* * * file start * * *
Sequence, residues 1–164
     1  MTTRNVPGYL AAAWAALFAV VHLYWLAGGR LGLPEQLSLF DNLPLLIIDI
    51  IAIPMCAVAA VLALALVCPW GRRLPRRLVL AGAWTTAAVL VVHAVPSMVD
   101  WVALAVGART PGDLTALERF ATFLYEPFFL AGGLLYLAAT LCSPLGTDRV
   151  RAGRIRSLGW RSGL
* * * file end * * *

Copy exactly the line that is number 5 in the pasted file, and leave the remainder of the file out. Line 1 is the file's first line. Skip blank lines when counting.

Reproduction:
   151  RAGRIRSLGW RSGL